Eight major internet search engines, including AltaVista, LookSmart and MSN.com, have been accused of using deceptive methods in an attempt to bolster their bottom lines.
HotBot, iWon.com, Lycos, Netscape and Direct Hit are the other services named in the complaint issued by Commercial Alert. The three-year old group, founded by consumer activist Ralph Nader, has asked the Federal Trade Commission (FTC) to investigate whether eight of the web's largest search engines are violating federal laws against deceptive advertising.
"These search engines have chosen crass commercialism over editorial integrity," said Gary Ruskin, executive director at Commercial Alert.
In his letter to the FTC, Ruskin said that when the search engine companies first unveiled their engines, they did not include ads in the search results. Results were displayed based on objective criteria of relevancy tallied by algorithms.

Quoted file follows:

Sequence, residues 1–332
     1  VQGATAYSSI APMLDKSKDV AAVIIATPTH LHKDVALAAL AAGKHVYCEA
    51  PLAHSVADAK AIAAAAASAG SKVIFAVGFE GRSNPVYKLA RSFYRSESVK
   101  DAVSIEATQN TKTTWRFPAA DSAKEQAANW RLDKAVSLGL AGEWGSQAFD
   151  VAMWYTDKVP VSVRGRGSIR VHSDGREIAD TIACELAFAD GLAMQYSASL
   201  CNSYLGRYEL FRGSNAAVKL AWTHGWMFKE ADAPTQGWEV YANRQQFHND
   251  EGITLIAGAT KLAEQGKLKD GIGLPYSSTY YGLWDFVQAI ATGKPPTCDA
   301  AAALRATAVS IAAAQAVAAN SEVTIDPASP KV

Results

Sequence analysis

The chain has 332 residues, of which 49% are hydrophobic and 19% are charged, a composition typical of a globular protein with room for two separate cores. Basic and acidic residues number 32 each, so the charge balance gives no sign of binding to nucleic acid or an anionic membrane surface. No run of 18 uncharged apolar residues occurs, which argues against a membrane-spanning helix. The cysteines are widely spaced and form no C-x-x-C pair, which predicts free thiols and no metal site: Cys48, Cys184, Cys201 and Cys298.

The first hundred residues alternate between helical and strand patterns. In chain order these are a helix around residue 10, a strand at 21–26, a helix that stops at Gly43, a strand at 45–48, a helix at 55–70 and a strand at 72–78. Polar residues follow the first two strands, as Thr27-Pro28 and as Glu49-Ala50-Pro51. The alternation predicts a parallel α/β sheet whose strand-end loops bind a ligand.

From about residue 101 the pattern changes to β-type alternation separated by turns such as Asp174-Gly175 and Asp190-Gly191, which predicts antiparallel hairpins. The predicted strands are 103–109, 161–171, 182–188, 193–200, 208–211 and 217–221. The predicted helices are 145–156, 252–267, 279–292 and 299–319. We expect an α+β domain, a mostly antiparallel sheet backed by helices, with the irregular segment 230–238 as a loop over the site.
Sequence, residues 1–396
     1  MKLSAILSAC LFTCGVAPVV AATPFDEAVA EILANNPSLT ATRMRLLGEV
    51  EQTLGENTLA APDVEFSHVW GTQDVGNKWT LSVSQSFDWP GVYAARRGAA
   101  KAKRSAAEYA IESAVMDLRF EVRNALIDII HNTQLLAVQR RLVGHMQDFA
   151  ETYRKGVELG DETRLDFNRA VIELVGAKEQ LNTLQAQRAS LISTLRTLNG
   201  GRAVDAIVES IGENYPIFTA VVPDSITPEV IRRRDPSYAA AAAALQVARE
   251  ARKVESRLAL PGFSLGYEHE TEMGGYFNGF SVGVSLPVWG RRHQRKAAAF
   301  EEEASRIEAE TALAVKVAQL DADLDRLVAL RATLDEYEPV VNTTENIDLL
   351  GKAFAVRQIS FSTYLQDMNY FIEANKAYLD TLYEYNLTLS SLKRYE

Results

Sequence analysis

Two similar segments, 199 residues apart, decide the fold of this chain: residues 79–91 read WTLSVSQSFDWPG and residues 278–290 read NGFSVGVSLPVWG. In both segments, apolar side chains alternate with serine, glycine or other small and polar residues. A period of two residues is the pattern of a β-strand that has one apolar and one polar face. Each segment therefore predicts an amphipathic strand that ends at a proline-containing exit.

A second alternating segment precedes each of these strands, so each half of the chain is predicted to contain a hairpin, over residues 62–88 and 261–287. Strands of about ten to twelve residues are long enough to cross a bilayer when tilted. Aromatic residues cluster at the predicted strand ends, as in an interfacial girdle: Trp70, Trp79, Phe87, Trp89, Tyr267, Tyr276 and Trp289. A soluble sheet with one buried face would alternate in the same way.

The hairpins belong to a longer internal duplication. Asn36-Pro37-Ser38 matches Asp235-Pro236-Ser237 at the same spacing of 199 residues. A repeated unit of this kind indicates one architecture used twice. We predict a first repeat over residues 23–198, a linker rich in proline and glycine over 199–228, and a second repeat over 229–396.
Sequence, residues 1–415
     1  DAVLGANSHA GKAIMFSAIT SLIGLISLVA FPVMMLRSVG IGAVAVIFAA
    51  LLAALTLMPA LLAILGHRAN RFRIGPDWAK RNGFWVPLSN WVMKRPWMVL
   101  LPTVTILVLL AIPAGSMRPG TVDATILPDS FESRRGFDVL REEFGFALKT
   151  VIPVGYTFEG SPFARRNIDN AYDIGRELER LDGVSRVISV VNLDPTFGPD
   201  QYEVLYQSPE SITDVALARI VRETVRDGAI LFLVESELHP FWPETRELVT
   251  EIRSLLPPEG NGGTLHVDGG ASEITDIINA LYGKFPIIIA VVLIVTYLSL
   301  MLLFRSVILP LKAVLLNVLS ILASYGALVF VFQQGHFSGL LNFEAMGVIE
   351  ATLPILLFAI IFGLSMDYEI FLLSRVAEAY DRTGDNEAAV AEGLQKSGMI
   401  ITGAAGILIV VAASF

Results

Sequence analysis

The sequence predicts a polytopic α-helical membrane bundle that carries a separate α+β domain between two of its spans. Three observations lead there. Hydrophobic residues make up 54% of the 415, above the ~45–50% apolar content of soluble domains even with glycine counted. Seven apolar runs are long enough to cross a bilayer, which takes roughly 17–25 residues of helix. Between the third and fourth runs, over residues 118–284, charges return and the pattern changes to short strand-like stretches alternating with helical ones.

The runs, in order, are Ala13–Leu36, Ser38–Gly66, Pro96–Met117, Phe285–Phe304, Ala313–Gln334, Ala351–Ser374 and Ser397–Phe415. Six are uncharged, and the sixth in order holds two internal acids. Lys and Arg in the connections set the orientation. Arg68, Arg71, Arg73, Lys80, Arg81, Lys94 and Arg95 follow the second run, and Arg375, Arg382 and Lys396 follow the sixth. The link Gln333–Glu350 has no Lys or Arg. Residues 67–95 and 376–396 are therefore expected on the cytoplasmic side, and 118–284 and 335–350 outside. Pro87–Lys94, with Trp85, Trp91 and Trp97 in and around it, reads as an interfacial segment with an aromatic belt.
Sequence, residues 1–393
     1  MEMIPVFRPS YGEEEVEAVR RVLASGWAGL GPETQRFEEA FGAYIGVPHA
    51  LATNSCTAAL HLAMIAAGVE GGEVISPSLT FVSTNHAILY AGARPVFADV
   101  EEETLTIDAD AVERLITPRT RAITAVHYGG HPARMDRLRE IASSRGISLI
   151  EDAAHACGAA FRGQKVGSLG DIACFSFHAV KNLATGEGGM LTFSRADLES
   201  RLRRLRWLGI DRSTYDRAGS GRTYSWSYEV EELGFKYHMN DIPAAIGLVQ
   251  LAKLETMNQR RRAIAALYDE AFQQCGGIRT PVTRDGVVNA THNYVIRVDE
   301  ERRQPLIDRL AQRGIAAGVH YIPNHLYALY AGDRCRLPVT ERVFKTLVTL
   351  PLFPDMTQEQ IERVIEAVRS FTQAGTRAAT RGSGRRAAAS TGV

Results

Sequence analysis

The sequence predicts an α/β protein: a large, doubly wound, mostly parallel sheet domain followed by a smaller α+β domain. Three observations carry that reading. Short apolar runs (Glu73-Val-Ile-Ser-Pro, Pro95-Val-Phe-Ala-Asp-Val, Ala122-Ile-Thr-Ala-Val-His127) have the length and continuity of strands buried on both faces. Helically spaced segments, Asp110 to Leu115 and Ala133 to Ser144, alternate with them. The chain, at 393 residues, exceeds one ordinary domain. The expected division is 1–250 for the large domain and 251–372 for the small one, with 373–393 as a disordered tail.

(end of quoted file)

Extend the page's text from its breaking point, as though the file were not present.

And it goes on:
According to Ruskin, some search engines in the past year have been "sacrificing editorial integrity for higher profits and began placing ads prominently in the results, but without clear disclosure of this practice".
He said that Commercial Alert is asking the FTC to make sure that no one is tricked by the search engines' descent into commercial deception.
The group said that the search engines are breaking the law by not making it clear that their results "are paid ads in disguise". The complaint concerns the practices of paid placement and paid inclusion without clean and conspicuous disclosure that the ads are, in fact, ads.
"If they are going to stuff ads into search results, they should be required to say that the ads are ads," Ruskin said.
According to Commercial Alert the practice has increased since the dotcom crash, which left many companies looking for ways to boost revenue.
Spokespersons at both LookSmart and AltaVista have denied the charges and other search engine companies did not respond.
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